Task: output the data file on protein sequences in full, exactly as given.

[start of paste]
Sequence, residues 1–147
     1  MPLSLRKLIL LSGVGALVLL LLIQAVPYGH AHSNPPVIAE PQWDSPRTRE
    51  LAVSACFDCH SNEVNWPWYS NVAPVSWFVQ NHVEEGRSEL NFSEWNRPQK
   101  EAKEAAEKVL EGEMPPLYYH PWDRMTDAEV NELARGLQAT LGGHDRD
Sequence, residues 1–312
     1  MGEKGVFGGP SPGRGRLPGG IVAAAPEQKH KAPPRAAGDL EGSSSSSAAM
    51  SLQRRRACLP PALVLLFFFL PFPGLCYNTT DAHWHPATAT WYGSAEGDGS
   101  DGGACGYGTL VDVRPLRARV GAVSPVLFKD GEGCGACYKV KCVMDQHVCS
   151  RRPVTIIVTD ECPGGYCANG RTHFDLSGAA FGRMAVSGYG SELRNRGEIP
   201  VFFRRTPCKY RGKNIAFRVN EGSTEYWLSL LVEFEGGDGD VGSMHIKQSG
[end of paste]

Sequence, residues 1–147
     1  MPLSLRKLIL LSGVGALVLL LLIQAVPYGH AHSNPPVIAE PQWDSPRTRE
    51  LAVSACFDCH SNEVNWPWYS NVAPVSWFVQ NHVEEGRSEL NFSEWNRPQK
   101  EAKEAAEKVL EGEMPPLYYH PWDRMTDAEV NELARGLQAT LGGHDRD
Sequence, residues 1–312
     1  MGEKGVFGGP SPGRGRLPGG IVAAAPEQKH KAPPRAAGDL EGSSSSSAAM
    51  SLQRRRACLP PALVLLFFFL PFPGLCYNTT DAHWHPATAT WYGSAEGDGS
   101  DGGACGYGTL VDVRPLRARV GAVSPVLFKD GEGCGACYKV KCVMDQHVCS
   151  RRPVTIIVTD ECPGGYCANG RTHFDLSGAA FGRMAVSGYG SELRNRGEIP
   201  VFFRRTPCKY RGKNIAFRVN EGSTEYWLSL LVEFEGGDGD VGSMHIKQSG